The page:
Michelle Carrigan, Ph.D., Indian River State College
The tale of Theresa provided students with a glimpse into the way cultural historians investigate and think about the past. What’s more, the existence of such a source highlights an early example of abolitionist literature before William Lloyd Garrison’s Liberator. Students in my survey level early American history course read “Theresa, A Haytien Tale,” and then were challenged to place the story within its historical context. After completing reading assignments and taking part in class discussion, each student wrote an essay that attempted to explain the author’s or editors’ purpose in publishing a story that featured a female heroine, who aided the Haitian Revolution in an African-American newspaper in 1828 New York. The assignment provided an opportunity for students to become historical investigators and demonstrate their creativity combined with analytical skill.
The first part of the project was to gain background information. We had been discussing the economic changes that took place in the North and South during the nineteenth century before we moved onto the Theresa assignment. In preparation for class discussion, students read PBS’s brief newspaper bio on Freedom’s Journal, along with “Theresa, A Haytien Tale.” On discussion day students worked in groups to answer a series of questions relating to the story, and then we discussed as a class. The group work, although more time consuming, allowed for more voices to be heard, and so for students to see how different people focus on different pieces of the story. For some, the violent elements of the Haitian Revolution stood out to them, while others focused on the personal relationships of the heroine with her mother and sister.
Once we had illuminated possible ways of reading the source from our own perspectives, we moved onto placing the story within its time and place. Such an exercise highlighted the concept of historical memory as it shed light on how someone writing in the late 1820s for an African-American newspaper viewed the Haitian Revolution. The story was not a journalistic or historical account of the Haitian Revolution. It was a fictional account published in 1828 that was set during the Haitian Revolution, a real event that concluded more than twenty years (a generation) before then. Focusing on the time and place in which “Theresa…” was published emphasized that our historical investigation was about 1828 New York and not about the Haitian Revolution.
To help place “Theresa…” in context we examined the legal and social situation of New York in 1828. Students compared excerpts from New York State’s Constitution of 1777 and of 1821 that outlined voting requirements. In addition, they looked at New York’s laws concerning gradual abolition. We discussed the meaning of gradual versus immediate abolition. The documents provided the legal perimeters of life for free (and enslaved) black people in New York from the time of the American Revolution to the time of Freedom’s Journal. Considering the status of free blacks in the North complicated the idea of a free North, yet it also provided a dramatic contrast to the expanding slave system in the South. After our discussion of the state of abolition and voting laws in the United States, with an emphasis on New York, students were then asked how the time and place in which Theresa was published affected the story that was told.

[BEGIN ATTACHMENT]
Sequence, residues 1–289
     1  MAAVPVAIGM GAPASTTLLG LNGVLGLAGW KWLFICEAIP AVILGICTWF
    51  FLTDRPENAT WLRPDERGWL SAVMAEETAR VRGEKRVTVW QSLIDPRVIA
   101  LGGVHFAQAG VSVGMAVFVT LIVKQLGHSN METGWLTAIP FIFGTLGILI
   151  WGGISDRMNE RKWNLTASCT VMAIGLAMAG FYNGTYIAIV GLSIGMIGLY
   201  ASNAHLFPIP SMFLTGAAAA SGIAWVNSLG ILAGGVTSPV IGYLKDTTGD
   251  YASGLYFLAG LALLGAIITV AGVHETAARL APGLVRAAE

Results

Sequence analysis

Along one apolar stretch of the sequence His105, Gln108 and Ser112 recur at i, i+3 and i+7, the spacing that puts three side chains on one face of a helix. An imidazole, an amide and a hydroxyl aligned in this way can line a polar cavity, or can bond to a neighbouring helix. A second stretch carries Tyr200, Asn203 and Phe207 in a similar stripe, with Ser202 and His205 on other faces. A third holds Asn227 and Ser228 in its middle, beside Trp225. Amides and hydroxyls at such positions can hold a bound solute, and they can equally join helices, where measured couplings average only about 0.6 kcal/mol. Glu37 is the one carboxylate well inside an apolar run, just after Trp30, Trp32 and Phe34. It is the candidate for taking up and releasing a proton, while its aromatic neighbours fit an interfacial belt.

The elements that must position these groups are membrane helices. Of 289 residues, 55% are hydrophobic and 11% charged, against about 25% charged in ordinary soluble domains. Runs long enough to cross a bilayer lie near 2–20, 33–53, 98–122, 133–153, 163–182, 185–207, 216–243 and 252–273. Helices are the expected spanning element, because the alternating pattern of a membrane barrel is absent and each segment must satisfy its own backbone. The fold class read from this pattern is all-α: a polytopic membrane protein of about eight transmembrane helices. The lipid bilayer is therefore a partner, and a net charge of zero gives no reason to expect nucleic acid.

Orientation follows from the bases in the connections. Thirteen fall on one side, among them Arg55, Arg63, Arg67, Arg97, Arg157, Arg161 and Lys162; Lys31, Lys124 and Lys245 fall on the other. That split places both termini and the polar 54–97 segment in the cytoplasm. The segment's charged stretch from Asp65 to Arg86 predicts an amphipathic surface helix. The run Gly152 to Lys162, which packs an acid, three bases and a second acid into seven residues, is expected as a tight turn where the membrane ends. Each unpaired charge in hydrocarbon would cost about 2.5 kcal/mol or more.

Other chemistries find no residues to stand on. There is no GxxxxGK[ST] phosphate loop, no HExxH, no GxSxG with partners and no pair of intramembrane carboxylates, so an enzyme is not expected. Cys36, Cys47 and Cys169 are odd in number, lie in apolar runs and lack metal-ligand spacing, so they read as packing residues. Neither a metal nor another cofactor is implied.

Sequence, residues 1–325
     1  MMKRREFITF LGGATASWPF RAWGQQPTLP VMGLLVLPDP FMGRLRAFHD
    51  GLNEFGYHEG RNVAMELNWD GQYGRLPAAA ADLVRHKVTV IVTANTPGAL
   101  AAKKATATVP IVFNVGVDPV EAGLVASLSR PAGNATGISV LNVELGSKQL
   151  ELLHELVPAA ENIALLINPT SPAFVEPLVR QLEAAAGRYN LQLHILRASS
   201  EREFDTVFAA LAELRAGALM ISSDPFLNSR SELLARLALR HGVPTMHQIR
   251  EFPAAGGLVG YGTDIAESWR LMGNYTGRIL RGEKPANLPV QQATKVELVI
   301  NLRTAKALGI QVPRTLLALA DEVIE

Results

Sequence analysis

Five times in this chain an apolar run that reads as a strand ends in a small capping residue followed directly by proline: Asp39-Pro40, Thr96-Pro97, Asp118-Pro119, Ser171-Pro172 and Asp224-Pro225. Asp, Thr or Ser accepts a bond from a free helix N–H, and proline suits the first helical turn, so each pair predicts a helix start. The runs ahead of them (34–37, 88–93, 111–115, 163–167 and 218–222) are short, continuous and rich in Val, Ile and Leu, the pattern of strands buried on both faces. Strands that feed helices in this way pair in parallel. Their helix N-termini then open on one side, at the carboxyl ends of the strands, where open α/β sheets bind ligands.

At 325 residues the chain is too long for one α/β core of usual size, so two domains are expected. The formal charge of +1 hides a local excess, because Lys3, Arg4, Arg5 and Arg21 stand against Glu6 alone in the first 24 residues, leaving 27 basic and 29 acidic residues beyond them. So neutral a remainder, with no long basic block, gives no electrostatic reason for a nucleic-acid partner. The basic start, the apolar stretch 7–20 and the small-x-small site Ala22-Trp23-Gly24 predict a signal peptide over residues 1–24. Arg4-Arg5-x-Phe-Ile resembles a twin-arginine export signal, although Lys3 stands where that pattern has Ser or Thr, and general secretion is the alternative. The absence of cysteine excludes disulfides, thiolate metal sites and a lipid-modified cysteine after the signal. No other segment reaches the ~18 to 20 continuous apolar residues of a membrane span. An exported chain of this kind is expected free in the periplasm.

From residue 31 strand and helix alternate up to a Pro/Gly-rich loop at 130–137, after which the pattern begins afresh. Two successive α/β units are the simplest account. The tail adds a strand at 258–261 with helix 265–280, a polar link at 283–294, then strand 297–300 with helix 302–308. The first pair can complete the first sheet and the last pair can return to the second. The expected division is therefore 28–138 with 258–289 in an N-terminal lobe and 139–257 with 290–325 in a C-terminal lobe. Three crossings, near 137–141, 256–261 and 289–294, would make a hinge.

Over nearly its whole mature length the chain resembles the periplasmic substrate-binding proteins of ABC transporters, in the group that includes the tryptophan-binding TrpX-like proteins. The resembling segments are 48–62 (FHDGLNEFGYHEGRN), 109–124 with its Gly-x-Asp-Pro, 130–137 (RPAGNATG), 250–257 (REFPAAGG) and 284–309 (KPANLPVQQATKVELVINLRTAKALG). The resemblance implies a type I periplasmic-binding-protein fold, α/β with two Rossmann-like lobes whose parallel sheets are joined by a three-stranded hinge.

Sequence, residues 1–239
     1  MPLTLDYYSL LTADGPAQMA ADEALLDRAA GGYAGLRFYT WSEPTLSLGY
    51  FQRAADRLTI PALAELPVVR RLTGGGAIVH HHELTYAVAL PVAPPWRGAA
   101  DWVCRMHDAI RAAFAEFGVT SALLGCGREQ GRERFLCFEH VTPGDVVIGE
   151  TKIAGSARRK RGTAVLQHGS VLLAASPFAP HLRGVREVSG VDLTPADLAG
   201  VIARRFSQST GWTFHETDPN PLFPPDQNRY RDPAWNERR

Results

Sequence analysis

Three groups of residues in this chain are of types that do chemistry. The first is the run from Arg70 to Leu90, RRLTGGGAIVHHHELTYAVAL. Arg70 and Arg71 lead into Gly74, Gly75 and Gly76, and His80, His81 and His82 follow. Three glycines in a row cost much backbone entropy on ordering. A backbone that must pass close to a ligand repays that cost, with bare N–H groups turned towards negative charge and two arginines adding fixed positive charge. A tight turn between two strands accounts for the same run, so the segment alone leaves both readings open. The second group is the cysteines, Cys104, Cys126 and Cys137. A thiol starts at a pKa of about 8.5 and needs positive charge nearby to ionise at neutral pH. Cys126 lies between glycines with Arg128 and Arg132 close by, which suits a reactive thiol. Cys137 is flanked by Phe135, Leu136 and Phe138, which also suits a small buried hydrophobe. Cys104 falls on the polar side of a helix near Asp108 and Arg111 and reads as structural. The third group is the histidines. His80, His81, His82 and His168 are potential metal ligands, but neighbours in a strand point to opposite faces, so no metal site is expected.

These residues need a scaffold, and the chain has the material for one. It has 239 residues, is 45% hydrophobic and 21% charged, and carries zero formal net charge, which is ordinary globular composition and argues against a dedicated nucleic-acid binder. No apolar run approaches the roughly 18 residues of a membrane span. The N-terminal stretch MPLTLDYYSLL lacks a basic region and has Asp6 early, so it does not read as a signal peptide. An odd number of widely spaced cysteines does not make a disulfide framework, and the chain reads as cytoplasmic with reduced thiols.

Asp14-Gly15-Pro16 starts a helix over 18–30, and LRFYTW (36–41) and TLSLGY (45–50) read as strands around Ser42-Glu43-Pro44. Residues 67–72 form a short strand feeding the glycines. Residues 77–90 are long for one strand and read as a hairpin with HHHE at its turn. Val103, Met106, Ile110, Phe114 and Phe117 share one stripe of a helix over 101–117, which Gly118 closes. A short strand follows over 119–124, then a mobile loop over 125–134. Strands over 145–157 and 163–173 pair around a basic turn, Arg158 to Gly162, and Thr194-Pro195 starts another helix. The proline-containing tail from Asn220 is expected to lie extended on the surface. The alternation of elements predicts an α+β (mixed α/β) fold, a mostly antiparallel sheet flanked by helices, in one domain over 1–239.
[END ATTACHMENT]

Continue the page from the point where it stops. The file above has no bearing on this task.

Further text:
Finally, we complicated matters more by asking why the story starred a girl. Why would the author make the main character, who helps to save the revolution, female? Such a question begs another question, which is who was the author. I relied on Frances Smith Foster’s research on the author to provide a possible answer, yet the conversation underscored the early American practice of publishing newspaper pieces anonymously. Students were able to suggest the accepted roles for women in 1820s New York through a close reading of the text. They then went further by proposing possible reasons why the author made the heroine a heroine. The discussion necessarily raised the topic of sentimentalism, which led to a discussion of how eighteenth-century sensibility shifted to become nineteenth-century sentimentalism.
In the end the discussions provided a number of opportunities for students to come up with their own interpretations. The essays were supposed to be only two to three double-spaced pages in length, so students had to narrow down their focus. Although they all had to consider the context of time and place, they were free to focus on whatever aspect of the story they desired. The use of “Theresa…” offered students a chance to show their own intellectual creativity without the constraints of a well-known, scholarly interpretation. The assignment worked well for an entry-level college course.
 “Freedom’s Journal: a Newspaper Bio,” PBS.org, accessed May 4, 2015, http://www.pbs.org/blackpress/news_bios/newbios/nwsppr/freedom/freedom.html
 New York State’s gradual abolition laws and excerpts from New York’s 1777 and 1821 Constitutions are available on New York State Archives’ website. “Documents Showcase: African American Voting Rights,” NYSED.gov, accessed May 20, 2015, http://www.archives.nysed.gov/education/showcase/201011afamvoting/
 Foster, Frances Smith. “How Do You Solve a Problem Like Theresa?” African American Review. Vol. 40, no.4 (Winter, 2006): 631-645.